Why Your Free Content Isn’t Really Free
Free Content Doesn’t Exist
I am a big proponent of putting out free content on a regular basis to drive leads. I understand that the most effective forms of content marketing are all about solving problems, answering questions and building trust. The fact that educating leads turns them into better customers is not lost on me. And while I say all of this and use the term “free content,” I understand that it’s never truly free.
Content Costs Customers Time & Effort
There’s time invested on my part to do research, create the content and promote it. But most importantly, there’s time and effort costs that I am asking of my website visitors, followers and customers to consume the content. While this may not be a financial cost, it’s a psychological cost and one that’s equally important This is something that’s often overlooked by many marketers. They believe that simply putting content out there is enough and are baffled when it doesn’t drive results.
I was recently on a webinar with folks at marketingexperiments.com and this was a big topic of discussion. One thing they pointed out is that regardless of the type of content that’s a part of your marketing strategy, you’re asking the potential customer to answer “yes” several times as they take small steps toward becoming a lead or a sale. The key element in all of this is telling the story and getting the sequence right. The illustration used in the webinar was to think of all types of content as you would a video production and I have to say I like that comparison. Let me explain…
All Effective Videos Have A Good Sequence
Think of all of your content marketing, regardless of the medium, as if it were a video production. What I mean by that is don’t start with the end in mind. While the call-to-action is important, just like a video production, the stage must first be set. The visitor must understand what the problem is or why your story matters if you want them to continue to watch. All content marketing is this same way. Before you ask for an email sign up and before you ask for a whitepaper download, you must first take the visitor along the right sequence.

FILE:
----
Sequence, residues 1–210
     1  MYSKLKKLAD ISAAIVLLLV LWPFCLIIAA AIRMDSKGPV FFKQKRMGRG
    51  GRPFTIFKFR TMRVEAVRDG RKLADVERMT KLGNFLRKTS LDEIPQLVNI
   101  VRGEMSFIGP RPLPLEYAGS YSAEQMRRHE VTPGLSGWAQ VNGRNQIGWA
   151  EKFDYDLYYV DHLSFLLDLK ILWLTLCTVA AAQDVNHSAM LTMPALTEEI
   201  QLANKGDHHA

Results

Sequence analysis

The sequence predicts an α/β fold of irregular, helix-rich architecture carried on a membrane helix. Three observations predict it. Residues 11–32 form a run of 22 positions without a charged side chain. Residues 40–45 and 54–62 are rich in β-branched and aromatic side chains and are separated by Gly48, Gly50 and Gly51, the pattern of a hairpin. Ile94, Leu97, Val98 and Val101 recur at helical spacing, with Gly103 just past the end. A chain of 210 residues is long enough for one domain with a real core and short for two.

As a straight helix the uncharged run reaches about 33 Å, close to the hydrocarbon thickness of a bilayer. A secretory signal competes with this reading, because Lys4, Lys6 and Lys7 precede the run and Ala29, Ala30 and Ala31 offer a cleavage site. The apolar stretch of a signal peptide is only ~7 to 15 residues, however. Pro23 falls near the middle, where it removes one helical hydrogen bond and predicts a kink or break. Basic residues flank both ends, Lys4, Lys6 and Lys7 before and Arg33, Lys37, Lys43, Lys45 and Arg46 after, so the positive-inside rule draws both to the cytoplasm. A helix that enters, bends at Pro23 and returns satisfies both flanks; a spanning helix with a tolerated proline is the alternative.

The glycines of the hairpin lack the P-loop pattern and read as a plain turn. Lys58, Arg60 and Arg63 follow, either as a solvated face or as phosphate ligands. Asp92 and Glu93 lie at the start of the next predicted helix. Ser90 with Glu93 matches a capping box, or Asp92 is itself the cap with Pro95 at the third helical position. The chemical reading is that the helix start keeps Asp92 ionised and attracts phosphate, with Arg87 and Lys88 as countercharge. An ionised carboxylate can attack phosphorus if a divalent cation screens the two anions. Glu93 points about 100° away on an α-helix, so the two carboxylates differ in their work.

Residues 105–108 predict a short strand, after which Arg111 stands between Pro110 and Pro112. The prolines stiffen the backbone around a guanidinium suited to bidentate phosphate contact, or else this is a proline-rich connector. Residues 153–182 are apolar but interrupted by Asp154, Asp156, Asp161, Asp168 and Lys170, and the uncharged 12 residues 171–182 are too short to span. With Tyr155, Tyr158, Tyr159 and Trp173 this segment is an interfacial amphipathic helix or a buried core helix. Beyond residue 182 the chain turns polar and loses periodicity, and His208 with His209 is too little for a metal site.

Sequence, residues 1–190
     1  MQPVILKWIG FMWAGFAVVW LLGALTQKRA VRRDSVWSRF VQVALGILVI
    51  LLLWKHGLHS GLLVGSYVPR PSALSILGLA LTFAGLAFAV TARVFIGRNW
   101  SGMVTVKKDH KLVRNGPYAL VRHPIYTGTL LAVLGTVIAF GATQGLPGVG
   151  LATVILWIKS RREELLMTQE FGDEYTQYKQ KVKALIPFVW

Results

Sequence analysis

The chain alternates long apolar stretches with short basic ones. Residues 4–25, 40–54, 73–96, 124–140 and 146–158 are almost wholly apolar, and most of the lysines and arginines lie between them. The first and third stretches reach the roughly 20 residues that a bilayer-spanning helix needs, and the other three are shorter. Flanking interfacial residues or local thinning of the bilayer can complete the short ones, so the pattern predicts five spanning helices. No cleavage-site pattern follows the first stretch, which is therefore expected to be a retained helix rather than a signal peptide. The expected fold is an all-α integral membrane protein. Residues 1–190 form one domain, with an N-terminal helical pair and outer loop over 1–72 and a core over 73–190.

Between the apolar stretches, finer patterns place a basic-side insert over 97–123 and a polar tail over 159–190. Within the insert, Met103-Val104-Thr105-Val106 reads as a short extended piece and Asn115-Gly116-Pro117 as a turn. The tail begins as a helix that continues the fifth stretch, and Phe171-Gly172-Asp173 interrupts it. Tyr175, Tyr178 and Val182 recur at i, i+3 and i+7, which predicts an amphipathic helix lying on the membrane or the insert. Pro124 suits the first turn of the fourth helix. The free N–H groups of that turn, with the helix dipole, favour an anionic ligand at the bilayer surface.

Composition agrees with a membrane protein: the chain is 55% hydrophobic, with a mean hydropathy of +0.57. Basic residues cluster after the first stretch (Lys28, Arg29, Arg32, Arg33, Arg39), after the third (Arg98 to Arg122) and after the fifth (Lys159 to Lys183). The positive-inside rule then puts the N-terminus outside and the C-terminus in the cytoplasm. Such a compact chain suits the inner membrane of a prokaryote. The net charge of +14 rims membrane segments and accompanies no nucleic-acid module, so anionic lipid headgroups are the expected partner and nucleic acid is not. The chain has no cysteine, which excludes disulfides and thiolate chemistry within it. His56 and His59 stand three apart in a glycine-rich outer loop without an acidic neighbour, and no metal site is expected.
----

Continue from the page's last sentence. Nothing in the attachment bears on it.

Remove The Friction
While putting together the best sequence, remove all possible points of friction. Too much copy is a point of friction. A video that takes forever to load is a point of friction. Asking for too much information in order to sign up for something is a point of friction. Take time to think through the sequence you’re asking potential customers to follow and make it as smooth as possible.
The Ideal Customer Sequence
Just like a well planned video production, here is the ideal customer acquisition sequence that can be applied to all forms of content:
1. Orient the Visitor – quickly communicate why they are there
2. Build Credibility – explain why they should listen to you
3. Get to the Good Stuff – tell the story/solve the problem
4. Point of Difference – show what makes you/your business the best
5. Call to Action – ask the customer to take some type of action
Let’s build your perfect customer sequence. Contact Focal Point now to get started with a strategic marketing plan!